I am used to the ravaging of life; I can see things ripped and torn away and I continue to walk, though screaming loudly.
I know others would like me to hush; jump on the moving sidewalk of sorrow and quietly pass.
To sit with Thoreau and sip my desperation soberly in the corner of a silent bar.
Instead I chug it, slurping and belching and, when the bartender brings me a double, I toss that back, too.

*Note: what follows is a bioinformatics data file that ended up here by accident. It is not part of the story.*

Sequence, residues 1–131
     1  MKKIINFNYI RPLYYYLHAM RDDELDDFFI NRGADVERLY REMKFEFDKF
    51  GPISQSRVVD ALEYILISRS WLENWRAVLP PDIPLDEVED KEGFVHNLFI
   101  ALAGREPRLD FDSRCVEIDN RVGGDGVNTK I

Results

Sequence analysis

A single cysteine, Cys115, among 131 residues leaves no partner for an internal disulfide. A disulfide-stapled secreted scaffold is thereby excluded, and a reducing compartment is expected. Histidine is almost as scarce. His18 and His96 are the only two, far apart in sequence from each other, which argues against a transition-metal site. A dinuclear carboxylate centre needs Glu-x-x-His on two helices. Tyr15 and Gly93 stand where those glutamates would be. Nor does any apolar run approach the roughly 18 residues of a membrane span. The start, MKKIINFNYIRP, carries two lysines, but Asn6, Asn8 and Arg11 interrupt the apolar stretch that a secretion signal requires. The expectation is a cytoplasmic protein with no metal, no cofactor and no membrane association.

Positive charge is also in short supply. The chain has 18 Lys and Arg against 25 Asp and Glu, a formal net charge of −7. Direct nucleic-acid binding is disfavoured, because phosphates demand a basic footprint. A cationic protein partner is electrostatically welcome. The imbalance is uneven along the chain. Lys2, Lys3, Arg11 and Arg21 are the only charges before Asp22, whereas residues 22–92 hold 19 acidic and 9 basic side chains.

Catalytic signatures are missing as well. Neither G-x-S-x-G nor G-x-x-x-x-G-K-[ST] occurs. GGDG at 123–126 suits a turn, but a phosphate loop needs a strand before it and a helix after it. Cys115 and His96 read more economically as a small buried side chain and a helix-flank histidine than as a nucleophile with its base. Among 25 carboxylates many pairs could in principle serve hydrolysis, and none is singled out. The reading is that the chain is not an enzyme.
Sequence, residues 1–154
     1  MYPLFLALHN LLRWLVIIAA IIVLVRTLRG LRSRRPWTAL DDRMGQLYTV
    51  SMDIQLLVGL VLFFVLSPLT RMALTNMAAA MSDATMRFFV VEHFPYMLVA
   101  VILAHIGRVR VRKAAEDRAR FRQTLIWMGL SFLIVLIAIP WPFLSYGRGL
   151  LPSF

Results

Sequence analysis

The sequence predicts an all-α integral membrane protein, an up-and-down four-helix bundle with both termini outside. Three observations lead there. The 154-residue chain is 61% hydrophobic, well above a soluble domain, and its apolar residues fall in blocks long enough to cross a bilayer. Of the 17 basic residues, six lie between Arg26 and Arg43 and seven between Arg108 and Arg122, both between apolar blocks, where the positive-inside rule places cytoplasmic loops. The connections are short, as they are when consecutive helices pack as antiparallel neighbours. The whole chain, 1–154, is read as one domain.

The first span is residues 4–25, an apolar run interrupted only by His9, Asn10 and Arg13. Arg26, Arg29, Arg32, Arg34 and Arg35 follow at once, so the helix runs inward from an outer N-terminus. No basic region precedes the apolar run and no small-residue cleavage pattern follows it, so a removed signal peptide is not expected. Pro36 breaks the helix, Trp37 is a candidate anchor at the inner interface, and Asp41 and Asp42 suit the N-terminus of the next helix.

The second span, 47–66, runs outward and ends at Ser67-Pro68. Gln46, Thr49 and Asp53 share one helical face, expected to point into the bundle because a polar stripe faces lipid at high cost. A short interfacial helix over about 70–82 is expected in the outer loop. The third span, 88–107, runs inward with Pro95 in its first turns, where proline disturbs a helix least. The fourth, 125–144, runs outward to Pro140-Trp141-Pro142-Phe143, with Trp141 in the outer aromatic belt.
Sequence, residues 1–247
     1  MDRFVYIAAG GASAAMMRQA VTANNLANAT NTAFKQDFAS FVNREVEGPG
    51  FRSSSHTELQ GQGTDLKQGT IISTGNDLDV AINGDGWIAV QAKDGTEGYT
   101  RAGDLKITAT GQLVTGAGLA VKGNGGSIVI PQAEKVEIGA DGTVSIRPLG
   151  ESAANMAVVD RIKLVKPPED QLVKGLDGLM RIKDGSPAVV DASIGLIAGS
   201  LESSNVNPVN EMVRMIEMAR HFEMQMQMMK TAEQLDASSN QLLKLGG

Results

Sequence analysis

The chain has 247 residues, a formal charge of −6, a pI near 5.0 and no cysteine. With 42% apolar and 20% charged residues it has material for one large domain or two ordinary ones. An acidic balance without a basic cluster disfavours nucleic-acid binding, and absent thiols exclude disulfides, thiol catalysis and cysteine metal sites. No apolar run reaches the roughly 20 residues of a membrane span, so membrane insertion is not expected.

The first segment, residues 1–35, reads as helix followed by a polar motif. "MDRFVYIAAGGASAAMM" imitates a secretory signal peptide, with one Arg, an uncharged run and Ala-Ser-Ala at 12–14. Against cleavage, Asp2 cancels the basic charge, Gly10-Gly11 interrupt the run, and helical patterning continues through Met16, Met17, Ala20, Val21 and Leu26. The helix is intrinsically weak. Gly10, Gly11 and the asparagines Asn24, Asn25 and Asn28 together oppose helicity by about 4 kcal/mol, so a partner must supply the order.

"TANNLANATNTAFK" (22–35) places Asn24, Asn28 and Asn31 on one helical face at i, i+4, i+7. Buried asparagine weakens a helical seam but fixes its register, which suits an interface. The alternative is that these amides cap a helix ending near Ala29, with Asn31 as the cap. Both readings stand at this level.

I am supposed to hide my sorrows, but how can I hold anything so painful close?
Who would want to hide and cling and shelter and distract?
Swing the albatross ’round and holler, “Because of this I cannot breathe!”
Fling the stinging jellyfish away; fly it far. Smash it into the rocks.
It is enough that I must lick the hot poker of pain. I refuse, for you, to pretend it is a splinter.
I am done with muffling. I refuse to smother what would kill me.
I will kill my grief outright.
I will make you watch.